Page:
For the full sample, post-treatment substance use was significantly lower when a greater proportion of the patient's needs had been met during treatment, they had a better relationship with the treatment service/keyworker, and they had stayed in treatment longer. Further upstream of the causal chain model, facilitating access to treatment by providing transportation and child care led to receipt of a greater range and intensity of substance abuse counselling and other treatment services, which in turn led to an improved relationship between service and client. Improved relationships then seemed to lead to patients staying longer in treatment, and both were related to having more of one's needs met.
Among the 'fixed' factors affecting these processes were that residential treatment led to longer retention and more counselling and other treatment services being received. The more educated the client the less their post-treatment substance use, while the greater use was before treatment the greater it tended to be afterwards.
As assessed by surveying programme administrators, some other organisational factors did not emerge as influences in the model, including whether the service was accredited, the typical intensity of counselling scheduled (as opposed to actually received by each individual) for patients, and the number of extra services Academic training, vocational training, medical, psychiatric, or pregnancy services. provided on-site.
For men the structure of the model was very similar to that for men and women combined, with the exception that time spent in treatment was no longer related to post-treatment substance use. For women this was also the case, and there was another difference both from the full sample and from men, reflecting an apparently more pervasive influence of transportation and child care access services. These not only appeared to facilitate access to more types of substance use counselling and other treatment services, but also When the criterion for declaring a finding as statistically significant was relaxed to a one in ten rather than a one in twenty chance of it bring a chance finding. Similarly relaxing the criterion for men did not lead to the same relationships emerging in the model. led to an improved client-provider relationship and a greater proportion of needs being met. Another difference for women was that a better client-provider relationship had no direct influence on post-treatment substance use, though it did influence substance use indirectly via a greater proportion of needs being met figure.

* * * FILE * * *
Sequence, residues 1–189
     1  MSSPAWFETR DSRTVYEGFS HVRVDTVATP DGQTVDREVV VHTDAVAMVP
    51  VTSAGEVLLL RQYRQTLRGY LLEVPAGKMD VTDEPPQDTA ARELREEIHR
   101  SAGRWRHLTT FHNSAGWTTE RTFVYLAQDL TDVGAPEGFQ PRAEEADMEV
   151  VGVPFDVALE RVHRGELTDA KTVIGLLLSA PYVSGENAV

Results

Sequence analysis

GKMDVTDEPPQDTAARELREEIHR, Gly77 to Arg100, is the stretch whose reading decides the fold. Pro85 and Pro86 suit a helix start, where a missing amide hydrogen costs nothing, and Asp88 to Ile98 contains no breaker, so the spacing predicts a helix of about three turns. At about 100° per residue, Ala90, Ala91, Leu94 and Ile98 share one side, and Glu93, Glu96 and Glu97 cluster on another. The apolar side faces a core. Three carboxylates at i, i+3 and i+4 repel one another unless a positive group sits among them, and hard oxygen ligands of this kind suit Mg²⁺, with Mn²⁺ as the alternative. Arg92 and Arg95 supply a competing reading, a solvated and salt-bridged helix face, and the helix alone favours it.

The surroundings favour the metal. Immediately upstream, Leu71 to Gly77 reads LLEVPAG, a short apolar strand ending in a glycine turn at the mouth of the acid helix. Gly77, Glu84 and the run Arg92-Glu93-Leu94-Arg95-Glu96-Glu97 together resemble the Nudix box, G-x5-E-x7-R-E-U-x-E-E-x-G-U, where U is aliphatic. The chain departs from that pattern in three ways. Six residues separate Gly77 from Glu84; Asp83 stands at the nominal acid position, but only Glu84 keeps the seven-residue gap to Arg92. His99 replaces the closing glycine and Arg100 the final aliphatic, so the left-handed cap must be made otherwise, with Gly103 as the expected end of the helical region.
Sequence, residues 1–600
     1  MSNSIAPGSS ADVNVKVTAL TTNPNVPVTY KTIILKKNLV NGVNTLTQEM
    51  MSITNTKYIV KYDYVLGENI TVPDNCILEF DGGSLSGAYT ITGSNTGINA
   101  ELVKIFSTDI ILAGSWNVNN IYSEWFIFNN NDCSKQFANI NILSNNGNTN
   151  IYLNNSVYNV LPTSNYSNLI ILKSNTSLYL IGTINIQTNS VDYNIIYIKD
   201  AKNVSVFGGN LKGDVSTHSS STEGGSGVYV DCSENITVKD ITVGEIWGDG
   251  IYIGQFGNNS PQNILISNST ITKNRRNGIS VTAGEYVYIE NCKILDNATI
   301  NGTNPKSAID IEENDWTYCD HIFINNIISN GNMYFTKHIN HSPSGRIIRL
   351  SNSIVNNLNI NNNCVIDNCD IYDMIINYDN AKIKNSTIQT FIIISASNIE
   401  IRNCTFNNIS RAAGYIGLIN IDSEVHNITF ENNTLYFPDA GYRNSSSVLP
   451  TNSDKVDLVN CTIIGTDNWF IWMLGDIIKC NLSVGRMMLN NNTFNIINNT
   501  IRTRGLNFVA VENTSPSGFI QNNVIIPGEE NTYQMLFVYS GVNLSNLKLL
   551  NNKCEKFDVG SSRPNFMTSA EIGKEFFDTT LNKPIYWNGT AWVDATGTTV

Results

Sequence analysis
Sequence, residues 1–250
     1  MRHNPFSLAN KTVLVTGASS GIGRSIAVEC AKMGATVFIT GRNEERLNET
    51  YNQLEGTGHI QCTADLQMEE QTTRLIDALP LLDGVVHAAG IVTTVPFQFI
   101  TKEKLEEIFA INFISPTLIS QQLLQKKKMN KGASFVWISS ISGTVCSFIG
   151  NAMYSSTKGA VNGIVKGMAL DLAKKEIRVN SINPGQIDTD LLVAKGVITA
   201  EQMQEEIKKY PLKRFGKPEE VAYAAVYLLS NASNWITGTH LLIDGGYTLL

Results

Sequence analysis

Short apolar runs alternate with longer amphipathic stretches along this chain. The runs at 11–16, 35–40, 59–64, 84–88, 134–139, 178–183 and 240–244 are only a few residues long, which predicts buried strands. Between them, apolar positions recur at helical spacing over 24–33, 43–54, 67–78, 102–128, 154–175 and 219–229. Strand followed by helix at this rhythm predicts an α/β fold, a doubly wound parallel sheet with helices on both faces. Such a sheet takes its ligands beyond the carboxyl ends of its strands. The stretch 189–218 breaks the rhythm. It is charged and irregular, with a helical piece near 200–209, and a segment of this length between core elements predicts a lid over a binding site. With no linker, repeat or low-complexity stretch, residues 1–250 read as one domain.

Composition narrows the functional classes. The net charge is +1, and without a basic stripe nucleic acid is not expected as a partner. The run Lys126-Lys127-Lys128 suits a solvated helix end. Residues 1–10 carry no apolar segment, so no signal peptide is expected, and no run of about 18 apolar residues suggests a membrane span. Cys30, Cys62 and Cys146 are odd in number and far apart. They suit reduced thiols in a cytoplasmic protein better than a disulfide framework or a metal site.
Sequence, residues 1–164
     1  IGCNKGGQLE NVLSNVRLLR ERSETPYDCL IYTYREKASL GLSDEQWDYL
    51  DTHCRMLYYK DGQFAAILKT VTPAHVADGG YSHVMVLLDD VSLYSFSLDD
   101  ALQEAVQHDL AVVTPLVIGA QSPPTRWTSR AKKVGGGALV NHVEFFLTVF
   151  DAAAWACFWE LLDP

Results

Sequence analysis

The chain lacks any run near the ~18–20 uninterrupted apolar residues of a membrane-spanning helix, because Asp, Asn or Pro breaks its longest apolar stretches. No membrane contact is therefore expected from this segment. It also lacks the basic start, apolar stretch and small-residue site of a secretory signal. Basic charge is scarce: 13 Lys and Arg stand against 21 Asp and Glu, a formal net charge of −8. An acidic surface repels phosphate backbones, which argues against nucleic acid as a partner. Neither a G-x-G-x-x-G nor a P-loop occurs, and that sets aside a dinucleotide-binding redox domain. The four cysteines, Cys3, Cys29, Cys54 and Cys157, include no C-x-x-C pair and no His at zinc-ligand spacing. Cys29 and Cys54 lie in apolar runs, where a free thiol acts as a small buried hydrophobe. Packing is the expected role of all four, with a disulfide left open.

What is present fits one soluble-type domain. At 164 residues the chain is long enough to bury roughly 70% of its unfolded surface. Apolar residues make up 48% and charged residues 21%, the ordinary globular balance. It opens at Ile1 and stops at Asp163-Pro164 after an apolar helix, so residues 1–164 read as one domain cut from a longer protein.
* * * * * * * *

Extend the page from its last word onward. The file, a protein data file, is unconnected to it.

Several services and service delivery mechanisms – client-provider relationship, access services, substance use counselling and other treatment services, and services matched to needs – individually and collectively contributed to retention in treatment and reduced post-treatment substance use. While mechanisms affecting outcome are fundamentally the same for men and women, access services are particularly important for women, and a positive client-provider relationship is directly related to reduced substance use for men but only indirectly for women.
The study's modelling techniques helped establish not just which factor is related to another, but also which might be cause and which effect. These analyses suggested that a positive client-provider relationship leads to better matching of services to needs and to longer treatment, but not the other way round. The implication is that when providers develop a constructive relationship with clients, they are able to more effectively identify and meet service needs and encourage clients to remain in treatment. These findings are consistent with a review which concluded that in substance use treatment, client-provider relationships consistently predict retention but less consistently predict substance use outcomes.
Another question is whether the client-provider relationship is therapeutic in its own right, or primarily a vehicle for enhancing access to and impact of specific services. Modelling results suggest this relationship is both directly connected to reduced post-treatment drug use and indirectly related via greater need-service matching and longer treatment stays.
These linkages do however differ for men and women. The client-provider relationship is directly therapeutic for the total sample and for men, but among affects post-treatment substance use only via receipt of needed services, which for women more strongly predicts outcomes than the relationship and more strongly than for men. This may be because women start treatment with more needs, so addressing those is especially important.